• Having no pricing information at all: Many SaaS startups don’t just have a pricing page on their website in the beginning or have a very vague idea of what customers will pay if they sign up. This can appear as a questionable practice to many.
  • One price fits all: Though you may be a fan of simplicity, such a strategy can turn away many potential customers. No single price can fit every budget. You need to have dynamic and multiple price points.
  • Doing too much: It is good that you are thinking of multiple subscription plans. But your pricing plans should be clear and should not confuse the buyers. If you have several plans, it is good to create a toggle between multiple subscription options.

 

#3 Not allocating required resources for marketing

As a SaaS startup, you might be too inclined to build and sustain your tech backend that you forget to allocate sufficient resources to marketing and sales.

SaaS marketing is turning out to be quite expensive with rising customer acquisition and retention costs.  If you don’t spend much on marketing and allocate required resources, you might fail to make an impact.

Some of the biggest SaaS companies spend more than half of their annual budget on marketing and sales alone. So, if you want to succeed, you need to give a thought to how much you’ll spend and align it to industry standards.

 

#4 Treating Sales & Marketing as Independent Departments

In the fast-evolving digital world, sales and marketing departments should be thoroughly aligned. Your sales team should get insights from the marketing team and vice versa. The concept of SMarketing is useful for any SaaS business and can improve customer acquisition results.

If you are not publishing what your customers want to hear, not addressing their queries in real-time, you are missing out on a lot.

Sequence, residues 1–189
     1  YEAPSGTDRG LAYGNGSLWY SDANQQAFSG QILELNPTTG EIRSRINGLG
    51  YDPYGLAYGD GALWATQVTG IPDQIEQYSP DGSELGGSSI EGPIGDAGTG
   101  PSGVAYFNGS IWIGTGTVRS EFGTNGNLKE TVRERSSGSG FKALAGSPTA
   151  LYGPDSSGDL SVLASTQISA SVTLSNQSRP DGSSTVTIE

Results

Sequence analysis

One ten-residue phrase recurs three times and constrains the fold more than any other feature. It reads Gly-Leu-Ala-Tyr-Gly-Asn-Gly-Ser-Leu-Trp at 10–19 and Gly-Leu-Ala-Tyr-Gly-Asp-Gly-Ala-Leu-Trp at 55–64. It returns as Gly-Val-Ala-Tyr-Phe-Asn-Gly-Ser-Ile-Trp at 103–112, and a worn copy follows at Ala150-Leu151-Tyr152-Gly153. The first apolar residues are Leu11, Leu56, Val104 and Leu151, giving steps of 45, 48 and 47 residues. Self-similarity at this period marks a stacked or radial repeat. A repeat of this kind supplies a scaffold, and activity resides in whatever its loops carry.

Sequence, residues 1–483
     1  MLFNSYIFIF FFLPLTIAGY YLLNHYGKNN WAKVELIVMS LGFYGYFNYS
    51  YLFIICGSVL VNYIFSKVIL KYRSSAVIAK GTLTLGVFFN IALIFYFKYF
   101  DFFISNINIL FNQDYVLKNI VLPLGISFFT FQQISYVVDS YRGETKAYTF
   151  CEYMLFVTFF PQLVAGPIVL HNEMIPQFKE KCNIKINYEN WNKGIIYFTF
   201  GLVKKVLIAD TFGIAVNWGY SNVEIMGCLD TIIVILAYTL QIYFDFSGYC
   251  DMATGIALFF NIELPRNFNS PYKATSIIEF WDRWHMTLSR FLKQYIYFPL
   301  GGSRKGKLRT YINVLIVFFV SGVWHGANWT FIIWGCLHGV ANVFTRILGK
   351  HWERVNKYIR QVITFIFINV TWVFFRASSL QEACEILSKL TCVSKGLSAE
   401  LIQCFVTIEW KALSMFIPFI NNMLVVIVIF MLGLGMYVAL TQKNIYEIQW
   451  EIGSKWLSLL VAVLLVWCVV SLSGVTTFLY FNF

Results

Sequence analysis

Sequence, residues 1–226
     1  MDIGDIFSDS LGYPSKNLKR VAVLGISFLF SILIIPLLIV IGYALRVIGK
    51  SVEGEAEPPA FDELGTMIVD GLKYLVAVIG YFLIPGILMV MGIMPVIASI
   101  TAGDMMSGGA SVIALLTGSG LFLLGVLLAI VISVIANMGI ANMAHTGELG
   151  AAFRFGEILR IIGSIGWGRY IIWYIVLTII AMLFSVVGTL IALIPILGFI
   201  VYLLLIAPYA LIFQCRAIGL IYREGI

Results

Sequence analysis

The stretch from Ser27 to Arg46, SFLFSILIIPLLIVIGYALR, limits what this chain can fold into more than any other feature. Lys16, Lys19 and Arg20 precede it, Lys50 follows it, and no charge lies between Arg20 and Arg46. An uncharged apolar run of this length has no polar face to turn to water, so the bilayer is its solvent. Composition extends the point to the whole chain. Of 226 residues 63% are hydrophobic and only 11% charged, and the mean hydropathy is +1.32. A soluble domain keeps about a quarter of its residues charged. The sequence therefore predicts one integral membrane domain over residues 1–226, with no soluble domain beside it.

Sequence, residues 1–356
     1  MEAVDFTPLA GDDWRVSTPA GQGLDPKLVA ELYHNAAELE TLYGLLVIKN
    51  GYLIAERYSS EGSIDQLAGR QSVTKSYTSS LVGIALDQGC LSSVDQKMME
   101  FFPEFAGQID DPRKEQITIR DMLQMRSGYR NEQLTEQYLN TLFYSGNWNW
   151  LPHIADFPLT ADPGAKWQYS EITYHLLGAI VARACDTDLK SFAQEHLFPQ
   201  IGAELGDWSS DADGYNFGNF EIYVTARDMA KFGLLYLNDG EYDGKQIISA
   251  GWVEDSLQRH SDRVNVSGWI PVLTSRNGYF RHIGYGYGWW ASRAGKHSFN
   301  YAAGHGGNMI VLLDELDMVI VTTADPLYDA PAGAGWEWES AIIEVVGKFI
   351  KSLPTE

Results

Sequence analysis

Your sales team must give real-time feedback to your marketing team. At the same time, your marketing team should share insights from campaigns with on-ground sales staff. Without a synergy between these two, your dream could quickly collapse.

 

#5 Ignoring the Value of Lead Nurturing & Marketing Automation

Probably one of the biggest marketing blunders you can make is to ignore the importance of lead nurturing. If someone is interested in your product and still you fail to transform him/her into a customer, then there is nothing that can save you from doom.

You must use marketing automation and lead nurturing tools to your benefit. You should have a structured system to follow-up with interested leads, nurture and convince them to buy out your SaaS product.

 

Wrapping Up

You may have a great product in your kitty. You might even have spent an enormous amount of time and effort in software development that aligns with the needs of your prospects. But without a proper marketing plan, everything is a waste of time. Make sure to have a streamlined strategy, so you avoid the above marketing mistakes and take your SaaS startup to greater heights.

Pete McCain is a technology startup mentor associated with AppVelocity - Canada-based mobile app development company. He has collaborated with more than 50 entrepreneurs — over the last decade — to maximise growth and contribute to technical excellence.